The year 2023 has been exceptional in many regards, from the avalanche of JWST scientific papers covering many fields of astronomy to the continued exploration of Jezero crater by Perseverance and its trusty sidekick Ingenuity; from the launch of ESA’s JUICE mission to Jupiter to Euclid and its hunt for dark matter, many missions have been in the spotlight. Looking at what lies ahead, 2024 will not disappoint as well.
The most important event of the year will of course be the launch in October of the long-awaited Europa Clipper, NASA’s mission to Jupiter’s moon Europa, the most promising habitable environment outside of Earth. Ever since the Galileo spacecraft explored this icy moon thirty years ago, there have been many calls to revisit Europa with advanced instruments designed to scrutinize its surface, atmosphere, and subsurface ocean. We will finally see this becoming a reality.
An important mission also planned for 2024 will be China’s Chang’e 6. China has launched a string of successful lunar missions over the decades, culminating in May this year as Chang’e 6 will aim to collect materials from the South Pole Aitkin Basin and bring them back to Earth. Given the presence of frozen water and rich geological sites within the basin, this will be a scientific mission of great significance.
Another sample return mission I am looking forward to seeing launch in 2024 is the Japanese Space Agency’s Martian Moon Exploration (MMX) mission to Phobos. Currently scheduled for September 2024, the mission is designed to return back to Earth material from the Martian moon in 2029. Given the difficulties encountered by NASA and ESA’s Mars Sample Return mission, MMX might bring back the only sample from the Martian system for decades to come.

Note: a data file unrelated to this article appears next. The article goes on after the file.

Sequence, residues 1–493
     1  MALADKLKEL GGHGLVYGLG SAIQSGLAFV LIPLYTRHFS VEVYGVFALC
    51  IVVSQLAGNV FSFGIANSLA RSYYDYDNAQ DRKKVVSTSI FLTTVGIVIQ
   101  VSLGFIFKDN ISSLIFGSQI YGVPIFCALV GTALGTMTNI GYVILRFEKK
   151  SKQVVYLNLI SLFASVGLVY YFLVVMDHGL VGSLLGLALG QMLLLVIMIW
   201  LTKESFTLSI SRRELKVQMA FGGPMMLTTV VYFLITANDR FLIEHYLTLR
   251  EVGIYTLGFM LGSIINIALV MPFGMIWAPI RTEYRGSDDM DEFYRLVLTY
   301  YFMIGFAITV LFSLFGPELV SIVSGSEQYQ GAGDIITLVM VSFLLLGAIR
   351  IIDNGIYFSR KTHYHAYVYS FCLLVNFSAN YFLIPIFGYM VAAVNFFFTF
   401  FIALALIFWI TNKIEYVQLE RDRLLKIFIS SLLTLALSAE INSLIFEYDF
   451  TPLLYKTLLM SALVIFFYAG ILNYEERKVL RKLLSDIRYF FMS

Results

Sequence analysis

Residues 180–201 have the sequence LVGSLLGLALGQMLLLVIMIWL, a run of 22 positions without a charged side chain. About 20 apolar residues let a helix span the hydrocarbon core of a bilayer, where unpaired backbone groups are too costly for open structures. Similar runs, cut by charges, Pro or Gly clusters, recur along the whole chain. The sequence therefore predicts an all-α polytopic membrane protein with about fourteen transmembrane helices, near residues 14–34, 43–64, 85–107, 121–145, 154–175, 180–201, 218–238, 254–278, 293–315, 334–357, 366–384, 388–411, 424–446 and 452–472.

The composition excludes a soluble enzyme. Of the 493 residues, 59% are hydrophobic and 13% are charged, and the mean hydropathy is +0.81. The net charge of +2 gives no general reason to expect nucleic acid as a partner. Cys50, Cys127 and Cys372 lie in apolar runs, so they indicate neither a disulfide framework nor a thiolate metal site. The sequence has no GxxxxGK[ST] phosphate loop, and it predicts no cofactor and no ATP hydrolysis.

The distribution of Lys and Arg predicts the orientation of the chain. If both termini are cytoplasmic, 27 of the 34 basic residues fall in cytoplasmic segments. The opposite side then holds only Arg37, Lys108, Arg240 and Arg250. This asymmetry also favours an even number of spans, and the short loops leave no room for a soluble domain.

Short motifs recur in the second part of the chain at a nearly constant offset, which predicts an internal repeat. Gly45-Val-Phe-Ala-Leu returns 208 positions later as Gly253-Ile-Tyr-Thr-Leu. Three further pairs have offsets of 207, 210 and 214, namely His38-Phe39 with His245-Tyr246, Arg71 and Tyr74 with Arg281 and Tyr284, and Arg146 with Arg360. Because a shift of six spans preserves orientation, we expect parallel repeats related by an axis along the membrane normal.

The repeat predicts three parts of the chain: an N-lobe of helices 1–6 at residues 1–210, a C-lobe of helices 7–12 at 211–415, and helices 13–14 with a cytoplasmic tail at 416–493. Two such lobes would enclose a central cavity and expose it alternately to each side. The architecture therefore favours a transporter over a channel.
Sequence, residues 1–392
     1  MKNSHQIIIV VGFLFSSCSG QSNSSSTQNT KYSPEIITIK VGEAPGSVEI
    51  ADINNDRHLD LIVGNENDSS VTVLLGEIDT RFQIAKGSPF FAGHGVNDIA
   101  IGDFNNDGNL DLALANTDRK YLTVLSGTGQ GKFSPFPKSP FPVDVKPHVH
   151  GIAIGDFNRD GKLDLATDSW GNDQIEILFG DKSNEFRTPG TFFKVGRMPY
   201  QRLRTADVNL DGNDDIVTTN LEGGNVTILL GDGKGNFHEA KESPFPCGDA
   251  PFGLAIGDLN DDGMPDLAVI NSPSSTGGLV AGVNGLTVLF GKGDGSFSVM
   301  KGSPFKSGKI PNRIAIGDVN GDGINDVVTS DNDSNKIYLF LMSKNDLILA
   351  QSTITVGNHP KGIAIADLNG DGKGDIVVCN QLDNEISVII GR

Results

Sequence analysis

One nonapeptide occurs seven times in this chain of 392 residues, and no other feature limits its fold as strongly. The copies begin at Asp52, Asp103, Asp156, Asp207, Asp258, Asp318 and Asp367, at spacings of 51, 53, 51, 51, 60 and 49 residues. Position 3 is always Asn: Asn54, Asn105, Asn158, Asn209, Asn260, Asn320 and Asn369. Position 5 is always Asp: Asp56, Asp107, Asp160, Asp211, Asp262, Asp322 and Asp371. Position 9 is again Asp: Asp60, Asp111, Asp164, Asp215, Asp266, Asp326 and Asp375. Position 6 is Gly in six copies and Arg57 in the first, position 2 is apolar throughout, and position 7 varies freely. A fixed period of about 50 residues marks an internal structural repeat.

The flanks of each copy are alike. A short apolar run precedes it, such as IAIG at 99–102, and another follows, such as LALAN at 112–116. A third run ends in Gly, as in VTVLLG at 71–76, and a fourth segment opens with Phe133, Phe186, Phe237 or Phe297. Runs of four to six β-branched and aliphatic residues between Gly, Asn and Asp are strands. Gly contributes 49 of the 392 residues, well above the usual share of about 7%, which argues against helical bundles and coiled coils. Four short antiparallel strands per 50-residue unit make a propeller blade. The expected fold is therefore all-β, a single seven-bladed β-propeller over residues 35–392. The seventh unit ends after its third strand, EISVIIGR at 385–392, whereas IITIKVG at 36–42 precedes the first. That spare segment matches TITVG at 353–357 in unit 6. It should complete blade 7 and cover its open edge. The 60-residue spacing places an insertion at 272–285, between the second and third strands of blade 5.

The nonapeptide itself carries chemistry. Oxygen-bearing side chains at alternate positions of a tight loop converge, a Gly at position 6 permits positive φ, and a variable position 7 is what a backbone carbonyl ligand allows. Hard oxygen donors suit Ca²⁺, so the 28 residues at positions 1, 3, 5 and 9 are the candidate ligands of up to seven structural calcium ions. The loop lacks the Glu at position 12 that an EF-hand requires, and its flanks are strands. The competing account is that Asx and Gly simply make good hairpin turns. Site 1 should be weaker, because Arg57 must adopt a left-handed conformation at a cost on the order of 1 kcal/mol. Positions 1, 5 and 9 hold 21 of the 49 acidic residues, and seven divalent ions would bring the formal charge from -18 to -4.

On a smaller scale, ESA’s Hera mission is planned to launch in October to visit the two asteroids, Didymos and Dimorphos, which had already been explored in 2022 by NASA’s Dart mission. The objective of Hera’s mission is to study Dart’s impact site on Dimorphos by 2026 which is key for designing planetary protection initiatives in the future.
Of course, there will also be plenty of exciting news as the Artemis program shifts gear and starts sending multiple robotic missions to the moon, culminating with a potential human lunar orbit mission (Artemis II) by November. This year, we should also witness Ariane 6’s maiden flight and Starship’s continued developments. The audacious close approach of the Parker Solar Probe to our Sun by the end of the year is also worth highlighting. Many more noteworthy missions are on the agenda for 2024, serving as a reminder that we are living in a truly exciting era.
Wishing you all a great start to the year! Bernard